It has been shown that there is a relationship between the inner coordination and the ability to learn. I know from my own experience that after starting similar exercises, (aged about 10) using my keys, I improved my reading and writing ability dramatically. It has now been shown that the concept of these exercises can have a dramatic effect on the learning and coping ability of dyslexic students but I believe that they are relevant to anyone. What is the harm in trying them out, dyslexic or not???
These simple exercises will help to improve the coordination and communication between the mind and body. The idea is to build the communication pathways between the mind and the outer appendages, thus improving the brains ability to communicate with the body and improve written communication and reading.
Try the easy exercises using a bean bag first and then a bouncy ball. The advantage of the bean bag is that when you drop it, it doesn’t bounce away. The more different types of things that you throw the better you will be as each different object will behave differently in the air…
One Handed Throw and Catch.
Take a bean bag in your dominant hand and throw up in the air, aiming for about 1 foot (30 cm) in height. Catch the ball one handed.
- Try throwing it to different heights.
- Try doing it without actually looking at the bean bag.
- Try doing it blind folded rather than just not looking at the bag.
- try to catch it from above.
- Try the above with your other hand.
Two Handed Throw and Catch.
Throw the bean bag from one hand to the other and back again.
- Try without looking.
Throw the ball onto the floor and catch it as it comes back up.
- Try catching it alternately on the up and on the downward journey.
Throw a bouncy ball off the wall and catch it.
- Try a double bounce. Floor first then wall and wall first then floor.
- Try one eyed.
The Drinks Bottle Juggle.
Take an empty drinks bottle and half fill it with water. Throw it in the air so that it does one spin and catch it back in the same hand. Try and work out the timing and control between flipping the bottle over once and twice at different heights. The water in the bottle moving whilst in the air makes it’s behavior much harder to predict.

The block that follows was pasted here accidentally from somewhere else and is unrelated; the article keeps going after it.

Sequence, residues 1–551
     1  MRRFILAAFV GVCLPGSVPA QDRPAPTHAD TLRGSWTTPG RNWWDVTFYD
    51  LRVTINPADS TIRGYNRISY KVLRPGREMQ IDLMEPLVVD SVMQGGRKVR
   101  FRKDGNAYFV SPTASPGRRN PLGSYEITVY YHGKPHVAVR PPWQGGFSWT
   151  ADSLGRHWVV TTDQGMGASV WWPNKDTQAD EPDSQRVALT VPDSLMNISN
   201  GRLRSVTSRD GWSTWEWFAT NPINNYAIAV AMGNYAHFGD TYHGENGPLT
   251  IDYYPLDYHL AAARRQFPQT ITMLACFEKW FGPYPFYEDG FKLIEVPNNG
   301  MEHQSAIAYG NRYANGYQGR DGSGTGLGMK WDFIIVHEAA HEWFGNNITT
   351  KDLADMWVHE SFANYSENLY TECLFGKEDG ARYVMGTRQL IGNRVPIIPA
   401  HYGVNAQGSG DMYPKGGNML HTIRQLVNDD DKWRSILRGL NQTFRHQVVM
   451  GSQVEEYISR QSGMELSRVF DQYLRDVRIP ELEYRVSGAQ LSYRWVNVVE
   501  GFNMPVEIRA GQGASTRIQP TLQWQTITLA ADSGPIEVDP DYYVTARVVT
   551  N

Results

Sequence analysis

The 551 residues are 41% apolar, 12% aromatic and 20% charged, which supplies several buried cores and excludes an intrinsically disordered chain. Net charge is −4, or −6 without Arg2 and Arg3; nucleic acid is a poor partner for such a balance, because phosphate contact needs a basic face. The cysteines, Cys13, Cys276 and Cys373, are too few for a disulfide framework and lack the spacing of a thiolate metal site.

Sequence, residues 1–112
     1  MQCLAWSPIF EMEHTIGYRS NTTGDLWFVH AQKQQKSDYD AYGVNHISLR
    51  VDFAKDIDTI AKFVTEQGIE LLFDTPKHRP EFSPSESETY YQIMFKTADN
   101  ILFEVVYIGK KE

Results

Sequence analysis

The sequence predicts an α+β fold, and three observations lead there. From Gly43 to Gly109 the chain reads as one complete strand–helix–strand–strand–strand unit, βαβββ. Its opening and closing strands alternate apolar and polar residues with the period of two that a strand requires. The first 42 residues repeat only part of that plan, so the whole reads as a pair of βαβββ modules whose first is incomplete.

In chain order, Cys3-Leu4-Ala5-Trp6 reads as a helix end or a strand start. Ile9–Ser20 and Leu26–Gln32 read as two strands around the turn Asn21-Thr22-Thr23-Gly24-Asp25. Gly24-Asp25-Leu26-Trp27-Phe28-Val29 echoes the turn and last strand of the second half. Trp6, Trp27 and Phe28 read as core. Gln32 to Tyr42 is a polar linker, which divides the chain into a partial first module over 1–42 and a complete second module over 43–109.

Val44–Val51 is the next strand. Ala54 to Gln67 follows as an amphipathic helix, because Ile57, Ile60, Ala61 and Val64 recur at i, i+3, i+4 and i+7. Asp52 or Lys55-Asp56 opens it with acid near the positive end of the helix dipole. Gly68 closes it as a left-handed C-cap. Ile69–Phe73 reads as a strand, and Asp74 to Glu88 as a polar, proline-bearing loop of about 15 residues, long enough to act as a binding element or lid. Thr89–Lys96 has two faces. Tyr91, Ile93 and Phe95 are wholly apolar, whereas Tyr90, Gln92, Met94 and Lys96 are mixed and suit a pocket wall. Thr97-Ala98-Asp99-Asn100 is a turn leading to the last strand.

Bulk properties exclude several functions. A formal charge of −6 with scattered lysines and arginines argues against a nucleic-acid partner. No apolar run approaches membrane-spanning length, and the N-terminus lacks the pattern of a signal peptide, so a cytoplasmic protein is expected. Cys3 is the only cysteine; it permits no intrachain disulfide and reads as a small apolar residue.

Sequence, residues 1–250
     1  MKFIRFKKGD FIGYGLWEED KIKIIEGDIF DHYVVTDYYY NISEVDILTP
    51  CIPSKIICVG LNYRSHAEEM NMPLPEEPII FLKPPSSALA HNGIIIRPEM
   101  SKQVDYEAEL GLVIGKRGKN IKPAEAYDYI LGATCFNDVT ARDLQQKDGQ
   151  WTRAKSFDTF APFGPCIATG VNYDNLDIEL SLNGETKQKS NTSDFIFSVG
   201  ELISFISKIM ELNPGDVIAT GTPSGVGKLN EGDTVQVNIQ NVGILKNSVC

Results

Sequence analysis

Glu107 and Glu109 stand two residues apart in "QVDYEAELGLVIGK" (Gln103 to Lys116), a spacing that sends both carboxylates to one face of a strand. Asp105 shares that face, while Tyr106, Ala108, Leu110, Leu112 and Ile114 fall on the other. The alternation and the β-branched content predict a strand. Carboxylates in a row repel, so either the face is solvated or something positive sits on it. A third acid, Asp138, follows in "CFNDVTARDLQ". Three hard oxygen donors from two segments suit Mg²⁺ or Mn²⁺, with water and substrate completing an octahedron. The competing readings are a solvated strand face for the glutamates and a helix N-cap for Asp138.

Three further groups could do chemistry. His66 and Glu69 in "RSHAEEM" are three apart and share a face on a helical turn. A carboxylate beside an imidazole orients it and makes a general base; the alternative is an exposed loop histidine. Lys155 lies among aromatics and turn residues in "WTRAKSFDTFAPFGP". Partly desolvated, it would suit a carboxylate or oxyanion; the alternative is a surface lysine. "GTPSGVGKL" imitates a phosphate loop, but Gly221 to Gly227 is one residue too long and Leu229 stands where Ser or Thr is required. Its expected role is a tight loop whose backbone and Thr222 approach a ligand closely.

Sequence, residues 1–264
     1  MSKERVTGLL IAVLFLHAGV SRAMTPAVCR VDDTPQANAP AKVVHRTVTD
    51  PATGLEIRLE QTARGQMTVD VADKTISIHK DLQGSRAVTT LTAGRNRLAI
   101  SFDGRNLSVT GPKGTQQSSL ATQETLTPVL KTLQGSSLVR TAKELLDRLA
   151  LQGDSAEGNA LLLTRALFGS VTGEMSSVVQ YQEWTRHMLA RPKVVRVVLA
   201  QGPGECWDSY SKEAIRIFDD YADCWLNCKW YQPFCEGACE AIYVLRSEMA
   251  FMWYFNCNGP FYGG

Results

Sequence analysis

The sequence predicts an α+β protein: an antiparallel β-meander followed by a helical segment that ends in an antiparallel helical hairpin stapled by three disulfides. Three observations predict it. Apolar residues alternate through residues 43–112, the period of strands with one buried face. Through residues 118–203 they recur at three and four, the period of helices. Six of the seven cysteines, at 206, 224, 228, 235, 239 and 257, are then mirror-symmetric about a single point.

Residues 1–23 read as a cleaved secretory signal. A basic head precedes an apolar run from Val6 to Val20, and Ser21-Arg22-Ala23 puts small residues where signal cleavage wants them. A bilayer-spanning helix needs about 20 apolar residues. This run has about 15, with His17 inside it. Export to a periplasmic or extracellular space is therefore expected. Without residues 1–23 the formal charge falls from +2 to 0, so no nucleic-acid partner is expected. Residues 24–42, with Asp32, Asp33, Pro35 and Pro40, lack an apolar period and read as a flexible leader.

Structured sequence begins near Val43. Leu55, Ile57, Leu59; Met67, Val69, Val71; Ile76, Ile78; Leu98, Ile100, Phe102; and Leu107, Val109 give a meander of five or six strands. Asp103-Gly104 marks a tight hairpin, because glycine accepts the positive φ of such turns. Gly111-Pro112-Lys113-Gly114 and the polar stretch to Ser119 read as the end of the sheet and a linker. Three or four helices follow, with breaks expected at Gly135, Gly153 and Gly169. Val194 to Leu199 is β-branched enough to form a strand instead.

- Try different heights and different numbers of spins.
- Try throwing from one hand to the other with spins.
- Try doing the above standing on one leg.
- I usually do this whilst walking down the street if I’m going anywhere with a bottle of water in my hand.
One Handed Juggle.
Two bean bags in one hand throwing alternately up into the air.
- Try different heights and then different objects. Using one bag and one ball makes it harder.
These simple fun exercises barely scratch the surface of what is possible. You can make up your own and make them as hard or as easy as you like. The point is that as long as you are getting your brain to communicate with your hands and your eyes and indeed your legs you will be training your body to perform better and teaching the vital communication that is inherent in reading writing and arithmetic.
My top tip with these exercises is that they are best done in short bursts and often. I started with my keys and progressed to a small bouncy ball which I used to throw and catch as I walked to lunch or between lessons at school. Bean bags would be better because I was forever loosing my bouncy ball in the lunch queue… Good luck and enjoy.